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06 October 2021

Rapid developments in technology and emerging specialist expertise could be the catalyst to unlocking the world’s natural reserves of tropical plants, and a treasure trove of new medicines, according to researchers from the Australian Institute of Tropical Health and Medicine at James Cook University.

Many diseases are specific to the tropics, with at least 41 diseases caused by endemic bacteria, viruses, parasites, and fungi. Such diseases are of increasing concern, as the geographic range of tropical diseases is expanding due to climate change, urbanization, change in agricultural practices, deforestation, and loss of biodiversity.

The team of researchers undertook the two-year comprehensive 45-page review into improving ways of finding new medical compounds from nature, in order to explore new ways to better tackle diseases of the tropics.

AITHM Senior research fellow and microbiologist Dr Andreas Kupz said nearly half the world’s recognised medications were sourced from nature, including broad-spectrum antimicrobial agents, Quinine from the bark of the cinchona plant for malaria, and medicines with anti-parasitic, anti-viral and anti-fungal disease properties.

“We found while there is vast Indigenous knowledge around medicinal use of tropical plants, the underlying active compounds of these plants remain largely unknown,” Dr Kupz said.

“The focus of pharmaceutical research in this area, has been on flowering plants, whereas mangroves and non-flowering plants, such as mosses, ferns, hornworts, cycads, liverworts and lycopods, remain barely studied for drug development to date, and represent an untapped source of novel compounds.

“There is also a bottleneck in the discovery process, as well as the significant financial investment required to take a promising raw natural product forward in order to become a new standard-of-care treatment for a tropical pathogen.

AITHM Centre for Molecular Therapeutics's microbiologist Dr Michael Smout, said the research team which includes experts in immunology, molecular biology, bioinformatics, and chemistry, found that while cost and time were barriers to producing new drugs, rapid developments in technology and expertise was changing all that.

“We have access to emerging areas of research knowledge and advancements in technology which is improving identification and isolation of compounds in plants,” Dr Smout said.

Principal Senior Research Fellow in Bioinformatics Dr Matt Field said the use of next-generation sequencing technologies in genomics and metagenomics offers new targeted screening pathways for the discovery of natural products.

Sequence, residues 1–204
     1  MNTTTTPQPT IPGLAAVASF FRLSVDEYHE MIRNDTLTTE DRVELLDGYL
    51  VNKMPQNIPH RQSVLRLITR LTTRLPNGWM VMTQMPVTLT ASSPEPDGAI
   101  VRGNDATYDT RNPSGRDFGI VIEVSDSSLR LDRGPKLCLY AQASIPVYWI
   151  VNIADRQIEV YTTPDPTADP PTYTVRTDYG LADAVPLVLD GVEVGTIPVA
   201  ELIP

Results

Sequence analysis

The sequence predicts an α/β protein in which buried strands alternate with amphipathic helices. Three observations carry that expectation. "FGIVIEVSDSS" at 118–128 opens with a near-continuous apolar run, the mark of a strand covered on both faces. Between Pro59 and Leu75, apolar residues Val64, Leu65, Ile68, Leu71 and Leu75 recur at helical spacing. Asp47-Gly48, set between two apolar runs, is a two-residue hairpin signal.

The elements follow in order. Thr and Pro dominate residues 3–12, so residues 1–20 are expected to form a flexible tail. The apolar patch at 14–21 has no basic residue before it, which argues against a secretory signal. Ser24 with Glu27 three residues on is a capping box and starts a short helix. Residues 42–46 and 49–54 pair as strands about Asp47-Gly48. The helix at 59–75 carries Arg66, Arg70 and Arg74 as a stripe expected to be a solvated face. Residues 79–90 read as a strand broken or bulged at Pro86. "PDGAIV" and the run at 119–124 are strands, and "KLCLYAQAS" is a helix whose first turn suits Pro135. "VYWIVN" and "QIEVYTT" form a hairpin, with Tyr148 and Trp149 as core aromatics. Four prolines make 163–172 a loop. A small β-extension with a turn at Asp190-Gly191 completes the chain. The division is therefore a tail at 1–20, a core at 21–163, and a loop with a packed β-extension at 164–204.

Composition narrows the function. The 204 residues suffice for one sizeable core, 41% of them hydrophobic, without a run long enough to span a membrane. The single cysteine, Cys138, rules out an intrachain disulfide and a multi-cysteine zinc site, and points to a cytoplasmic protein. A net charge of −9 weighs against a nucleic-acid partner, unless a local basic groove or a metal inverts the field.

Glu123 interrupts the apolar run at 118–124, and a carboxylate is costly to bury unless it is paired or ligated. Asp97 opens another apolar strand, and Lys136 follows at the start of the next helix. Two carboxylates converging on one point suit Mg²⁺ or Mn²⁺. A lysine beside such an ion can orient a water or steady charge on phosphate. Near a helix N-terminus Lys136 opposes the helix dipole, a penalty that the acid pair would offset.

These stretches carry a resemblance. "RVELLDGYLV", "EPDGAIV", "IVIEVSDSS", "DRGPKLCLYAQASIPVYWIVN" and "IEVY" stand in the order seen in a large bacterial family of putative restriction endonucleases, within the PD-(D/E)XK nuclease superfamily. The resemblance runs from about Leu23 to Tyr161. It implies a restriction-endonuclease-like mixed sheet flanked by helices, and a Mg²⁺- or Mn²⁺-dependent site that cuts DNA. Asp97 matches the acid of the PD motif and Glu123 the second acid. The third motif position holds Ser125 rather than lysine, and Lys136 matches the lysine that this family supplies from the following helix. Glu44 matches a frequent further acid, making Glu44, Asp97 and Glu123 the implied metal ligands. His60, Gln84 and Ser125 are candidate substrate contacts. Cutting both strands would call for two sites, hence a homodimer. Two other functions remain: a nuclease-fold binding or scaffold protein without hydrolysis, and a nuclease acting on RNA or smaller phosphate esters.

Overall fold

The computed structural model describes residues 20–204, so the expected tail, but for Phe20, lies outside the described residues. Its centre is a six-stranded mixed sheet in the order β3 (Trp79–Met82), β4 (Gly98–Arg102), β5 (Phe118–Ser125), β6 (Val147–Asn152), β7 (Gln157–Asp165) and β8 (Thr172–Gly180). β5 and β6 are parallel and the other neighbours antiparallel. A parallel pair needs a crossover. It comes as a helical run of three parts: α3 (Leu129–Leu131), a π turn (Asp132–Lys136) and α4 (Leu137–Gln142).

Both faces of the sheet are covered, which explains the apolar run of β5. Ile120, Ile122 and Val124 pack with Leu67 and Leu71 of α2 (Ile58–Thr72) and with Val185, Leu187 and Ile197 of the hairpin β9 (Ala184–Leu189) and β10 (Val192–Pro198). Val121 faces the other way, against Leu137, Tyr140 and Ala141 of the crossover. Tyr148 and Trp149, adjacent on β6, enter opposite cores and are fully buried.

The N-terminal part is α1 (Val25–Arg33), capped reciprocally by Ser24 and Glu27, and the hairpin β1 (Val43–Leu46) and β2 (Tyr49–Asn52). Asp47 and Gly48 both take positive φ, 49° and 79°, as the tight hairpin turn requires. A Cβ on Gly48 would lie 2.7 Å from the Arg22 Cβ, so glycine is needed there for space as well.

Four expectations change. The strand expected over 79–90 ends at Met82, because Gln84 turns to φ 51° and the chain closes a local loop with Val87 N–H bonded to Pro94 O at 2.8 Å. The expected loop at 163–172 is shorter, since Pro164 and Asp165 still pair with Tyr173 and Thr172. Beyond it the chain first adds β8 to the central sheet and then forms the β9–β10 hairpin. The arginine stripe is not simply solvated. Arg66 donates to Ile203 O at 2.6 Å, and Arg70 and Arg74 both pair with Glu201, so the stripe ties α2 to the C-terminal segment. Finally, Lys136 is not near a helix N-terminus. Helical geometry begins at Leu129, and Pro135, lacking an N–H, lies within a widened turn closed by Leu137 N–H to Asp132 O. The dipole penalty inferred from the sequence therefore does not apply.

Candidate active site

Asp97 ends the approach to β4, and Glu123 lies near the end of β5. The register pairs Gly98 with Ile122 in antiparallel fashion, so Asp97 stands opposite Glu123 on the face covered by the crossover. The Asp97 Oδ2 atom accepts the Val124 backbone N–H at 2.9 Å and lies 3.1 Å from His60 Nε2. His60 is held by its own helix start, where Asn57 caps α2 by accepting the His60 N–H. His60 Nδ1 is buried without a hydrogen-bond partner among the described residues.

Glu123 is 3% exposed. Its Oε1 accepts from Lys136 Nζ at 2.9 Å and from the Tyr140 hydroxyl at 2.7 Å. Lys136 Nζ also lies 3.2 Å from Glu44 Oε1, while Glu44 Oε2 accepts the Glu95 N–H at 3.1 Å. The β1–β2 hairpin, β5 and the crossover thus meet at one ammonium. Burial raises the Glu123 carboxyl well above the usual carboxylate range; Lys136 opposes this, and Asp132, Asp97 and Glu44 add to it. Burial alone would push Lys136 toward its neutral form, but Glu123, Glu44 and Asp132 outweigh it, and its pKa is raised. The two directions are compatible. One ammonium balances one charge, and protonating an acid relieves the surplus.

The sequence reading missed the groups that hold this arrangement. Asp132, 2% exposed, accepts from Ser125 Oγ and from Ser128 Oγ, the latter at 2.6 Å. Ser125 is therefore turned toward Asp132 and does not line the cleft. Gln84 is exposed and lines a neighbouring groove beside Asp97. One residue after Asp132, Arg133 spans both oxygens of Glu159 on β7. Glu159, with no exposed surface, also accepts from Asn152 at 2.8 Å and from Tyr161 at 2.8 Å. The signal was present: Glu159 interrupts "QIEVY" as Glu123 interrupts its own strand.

“Over the past few decades numerous high-throughput sequencing approaches have been developed and applied to facilitate the process of identifying protein and small molecule drug candidates,” Dr Field said.

Dr Field said some challenges can be overcome through strategic collaboration between chemists with expertise in natural products and organic synthetic chemistry, and biologists with expertise in biological processes and sample processing.

We also increasingly require immunologists with expertise in cell and animal-based assays working with bioinformaticians to develop discovery platforms using large-scale genome sequence mining, and shotgun metagenomics.

“Technology and these emerging areas of expertise that go with them, will ensure more of these natural reservoirs will likely reveal their pharmaceutical secrets in the near future.”

The Australian Institute of Tropical Health and Medicine’s Centre for Molecular Therapeutics, brings together researchers from across JCU to explore and harness the power of the tropics to develop innovative solutions to global public health problems.

The review entitled "Natural product-based solutions for tropical infectious diseases," has been published in Clinical Microbiology Reviews. 

Authors in this research include the Australian Institute of Tropical Health and Medicine's talented Early and Mid-Career Researchers Dr Oyelola Adegboye, Dr Matt Field, Dr Andreas Kupz, Dr Saparna Pai, Dr Dileep Sharma, Dr Michael Smout, Dr Phurpa Wangchuk, Dr Yide Wong, and Dr Claire Loiseau.

Read more about this research Natural-Product-Based Solutions for Tropical Infectious Diseases, in Clinical Microbiology Reviews

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